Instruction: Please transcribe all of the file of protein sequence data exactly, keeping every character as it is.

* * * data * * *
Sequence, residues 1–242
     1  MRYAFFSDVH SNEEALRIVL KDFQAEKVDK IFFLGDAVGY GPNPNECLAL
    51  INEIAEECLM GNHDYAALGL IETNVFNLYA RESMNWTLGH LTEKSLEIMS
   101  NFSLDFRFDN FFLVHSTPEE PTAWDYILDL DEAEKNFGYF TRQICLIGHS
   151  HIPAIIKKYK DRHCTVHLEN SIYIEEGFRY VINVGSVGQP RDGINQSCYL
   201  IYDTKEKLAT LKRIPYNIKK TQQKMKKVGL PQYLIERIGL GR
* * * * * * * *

Sequence, residues 1–242
     1  MRYAFFSDVH SNEEALRIVL KDFQAEKVDK IFFLGDAVGY GPNPNECLAL
    51  INEIAEECLM GNHDYAALGL IETNVFNLYA RESMNWTLGH LTEKSLEIMS
   101  NFSLDFRFDN FFLVHSTPEE PTAWDYILDL DEAEKNFGYF TRQICLIGHS
   151  HIPAIIKKYK DRHCTVHLEN SIYIEEGFRY VINVGSVGQP RDGINQSCYL
   201  IYDTKEKLAT LKRIPYNIKK TQQKMKKVGL PQYLIERIGL GR